UC, Great Oaks partner to expand access to Early IT program

Partnership creates pathway for skilled nontraditional students to study IT and cybersecurity at UC

A traditional high school diploma just isn’t for everyone, but high school alternatives tend to make pursuit of a college degree seem unattainable. That’s no longer true at Great Oaks Career Campuses, one of the largest career-technical school districts in the United States.

Great Oaks, which has four campuses providing career training for more than 23,000 youth and 18,000 adults from 36 Ohio school districts, can now offer its students a direct pathway to bachelor’s and master’s degree programs at the University of Cincinnati. Officials with Great Oaks and UC recently announced that Great Oaks students are now welcome to take college-level classes in information technology and cybersecurity through the UC School of Information Technology’s Early IT Program.

“We need to graduate work-ready leaders at every level, from high schools to community colleges, to universities and professional schools, and that’s exactly what we’re doing with our Early IT Program and our partnership with Great Oaks,” UC Provost Kristi Nelson said during a virtual summit to announce the news Tuesday, Aug. 25. “Together, we are creating opportunities for current and future students, a pathway for them to learn, to grow, to innovate and to bravely push the limits of what is possible.”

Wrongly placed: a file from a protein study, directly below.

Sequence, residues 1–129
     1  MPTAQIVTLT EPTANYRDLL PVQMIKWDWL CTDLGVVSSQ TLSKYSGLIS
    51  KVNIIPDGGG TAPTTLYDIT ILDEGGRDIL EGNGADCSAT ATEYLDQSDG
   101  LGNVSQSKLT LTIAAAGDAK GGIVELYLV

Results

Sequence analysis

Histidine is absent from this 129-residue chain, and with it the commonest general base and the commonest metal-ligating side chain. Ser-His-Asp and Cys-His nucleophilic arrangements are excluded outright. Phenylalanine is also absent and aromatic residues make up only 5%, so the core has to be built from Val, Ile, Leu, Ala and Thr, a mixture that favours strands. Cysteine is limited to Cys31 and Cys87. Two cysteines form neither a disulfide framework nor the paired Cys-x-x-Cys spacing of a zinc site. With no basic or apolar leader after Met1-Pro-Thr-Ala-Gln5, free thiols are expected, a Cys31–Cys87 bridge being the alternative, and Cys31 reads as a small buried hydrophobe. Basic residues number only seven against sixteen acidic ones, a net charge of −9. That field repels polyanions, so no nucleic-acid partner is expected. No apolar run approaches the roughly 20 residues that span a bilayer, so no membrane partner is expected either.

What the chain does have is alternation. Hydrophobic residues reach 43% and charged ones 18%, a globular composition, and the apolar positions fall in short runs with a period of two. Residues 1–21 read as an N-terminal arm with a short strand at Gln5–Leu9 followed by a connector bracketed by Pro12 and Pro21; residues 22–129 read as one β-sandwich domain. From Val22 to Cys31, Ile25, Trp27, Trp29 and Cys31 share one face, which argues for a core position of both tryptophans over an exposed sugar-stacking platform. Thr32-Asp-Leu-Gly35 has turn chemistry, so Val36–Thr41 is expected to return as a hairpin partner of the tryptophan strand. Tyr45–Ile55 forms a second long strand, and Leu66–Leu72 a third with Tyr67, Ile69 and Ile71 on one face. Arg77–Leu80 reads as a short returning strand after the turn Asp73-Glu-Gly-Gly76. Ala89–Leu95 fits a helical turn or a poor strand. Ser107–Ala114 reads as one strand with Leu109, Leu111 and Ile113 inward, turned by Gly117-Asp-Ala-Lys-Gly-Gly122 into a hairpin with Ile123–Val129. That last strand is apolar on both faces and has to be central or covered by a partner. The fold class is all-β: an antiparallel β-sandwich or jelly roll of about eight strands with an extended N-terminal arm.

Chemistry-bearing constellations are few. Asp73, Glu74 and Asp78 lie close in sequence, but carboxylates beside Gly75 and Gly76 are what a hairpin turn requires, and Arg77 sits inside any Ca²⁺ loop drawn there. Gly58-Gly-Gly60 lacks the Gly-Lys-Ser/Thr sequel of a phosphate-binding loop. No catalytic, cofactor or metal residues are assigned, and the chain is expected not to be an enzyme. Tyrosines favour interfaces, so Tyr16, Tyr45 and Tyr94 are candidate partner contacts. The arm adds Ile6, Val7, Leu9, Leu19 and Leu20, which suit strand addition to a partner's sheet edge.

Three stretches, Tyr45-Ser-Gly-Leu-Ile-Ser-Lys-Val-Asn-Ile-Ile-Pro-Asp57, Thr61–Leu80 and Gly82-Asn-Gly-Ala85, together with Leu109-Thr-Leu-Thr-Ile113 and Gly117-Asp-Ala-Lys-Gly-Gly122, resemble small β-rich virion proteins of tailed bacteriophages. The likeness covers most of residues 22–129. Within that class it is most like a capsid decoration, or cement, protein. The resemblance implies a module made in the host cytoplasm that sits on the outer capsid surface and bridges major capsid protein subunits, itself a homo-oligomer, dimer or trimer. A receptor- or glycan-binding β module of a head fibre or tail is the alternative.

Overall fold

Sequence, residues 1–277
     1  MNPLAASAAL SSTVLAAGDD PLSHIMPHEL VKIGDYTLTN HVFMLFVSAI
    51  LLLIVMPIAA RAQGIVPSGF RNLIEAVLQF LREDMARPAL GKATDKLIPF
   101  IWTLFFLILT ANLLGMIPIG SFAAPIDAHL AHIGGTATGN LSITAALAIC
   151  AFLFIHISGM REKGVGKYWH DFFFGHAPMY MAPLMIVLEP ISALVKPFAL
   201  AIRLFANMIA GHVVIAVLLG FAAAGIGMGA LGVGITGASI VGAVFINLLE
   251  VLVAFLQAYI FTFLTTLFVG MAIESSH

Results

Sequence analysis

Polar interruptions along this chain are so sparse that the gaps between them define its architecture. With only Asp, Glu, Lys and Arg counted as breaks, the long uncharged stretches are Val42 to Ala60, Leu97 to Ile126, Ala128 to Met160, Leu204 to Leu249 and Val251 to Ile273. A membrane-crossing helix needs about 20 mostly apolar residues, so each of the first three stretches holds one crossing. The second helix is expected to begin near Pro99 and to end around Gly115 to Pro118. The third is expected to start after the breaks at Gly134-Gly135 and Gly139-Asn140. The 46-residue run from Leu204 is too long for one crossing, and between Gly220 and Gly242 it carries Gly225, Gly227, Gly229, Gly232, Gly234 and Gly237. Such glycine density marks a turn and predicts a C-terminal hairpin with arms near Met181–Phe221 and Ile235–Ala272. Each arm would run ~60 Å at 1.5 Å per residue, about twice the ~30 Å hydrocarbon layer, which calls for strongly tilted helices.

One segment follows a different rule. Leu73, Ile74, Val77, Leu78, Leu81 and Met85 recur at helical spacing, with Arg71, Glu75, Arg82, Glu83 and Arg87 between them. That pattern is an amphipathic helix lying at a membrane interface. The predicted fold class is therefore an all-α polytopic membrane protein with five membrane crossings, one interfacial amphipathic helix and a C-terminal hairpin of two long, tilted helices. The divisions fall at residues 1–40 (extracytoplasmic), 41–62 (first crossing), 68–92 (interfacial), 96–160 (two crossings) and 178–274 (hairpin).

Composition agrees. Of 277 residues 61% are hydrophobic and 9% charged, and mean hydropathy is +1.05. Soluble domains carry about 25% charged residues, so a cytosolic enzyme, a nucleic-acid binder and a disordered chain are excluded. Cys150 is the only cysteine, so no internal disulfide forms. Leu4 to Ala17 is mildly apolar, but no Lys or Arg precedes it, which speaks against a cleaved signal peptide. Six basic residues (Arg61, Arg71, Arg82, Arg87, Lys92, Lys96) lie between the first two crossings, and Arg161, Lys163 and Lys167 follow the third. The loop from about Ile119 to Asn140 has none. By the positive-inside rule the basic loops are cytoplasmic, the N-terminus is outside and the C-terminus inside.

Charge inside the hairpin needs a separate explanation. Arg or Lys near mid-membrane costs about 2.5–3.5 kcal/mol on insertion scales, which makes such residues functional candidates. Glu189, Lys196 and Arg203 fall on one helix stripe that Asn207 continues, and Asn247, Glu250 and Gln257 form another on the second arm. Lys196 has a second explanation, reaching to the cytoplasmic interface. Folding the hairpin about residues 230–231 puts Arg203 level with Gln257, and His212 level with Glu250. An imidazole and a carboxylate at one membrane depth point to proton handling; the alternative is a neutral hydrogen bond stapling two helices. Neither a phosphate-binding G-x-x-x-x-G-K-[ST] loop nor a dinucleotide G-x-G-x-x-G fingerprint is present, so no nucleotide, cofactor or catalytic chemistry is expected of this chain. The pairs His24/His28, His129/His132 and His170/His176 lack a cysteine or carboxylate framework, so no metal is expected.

Just like students at the public and private high schools that have already partnered with the Early IT Program, Great Oaks students who complete six college-level IT classes earn automatic admission as sophomore IT or cybersecurity majors, and are immediately eligible to pursue co-op placement.

“The students will transition seamlessly from Great Oaks to UC through the automatic, guaranteed admissions program to be a second-year IT or cybersecurity student at UC,” explained Hazem Said, director of UC’s School of IT. “And in the four years that follow, they’ll complete their undergraduate degree, five semesters of co-op and one of five master’s degrees if they so choose.”

The partnership also expands access to the UC-based Ohio Cyber Range to Great Oaks students and faculty,

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providing them with software, virtual networks and resources to assist in the completion of the Early IT Program, as well as other IT-related programs offered through Great Oaks.

“We see this as an opportunity for high school students to start to play with these different ideas and curriculum, and then be funneled into the IT program at UC,” said Harry Snyder, Great Oaks president and CEO. “We’re extremely excited about it. We’re glad for the partnership.”

The partnership has personal significance for Snyder as well; he, his wife and his three adult children all claim UC as their alma mater, Snyder noted.

Great Oaks is the latest school system — and by far the largest — to partner with UC to offer its students access to the Early IT Program. More than 1,600 students at partner institutions across the state are already pursuing UC cybersecurity and IT degrees through the Early IT Program.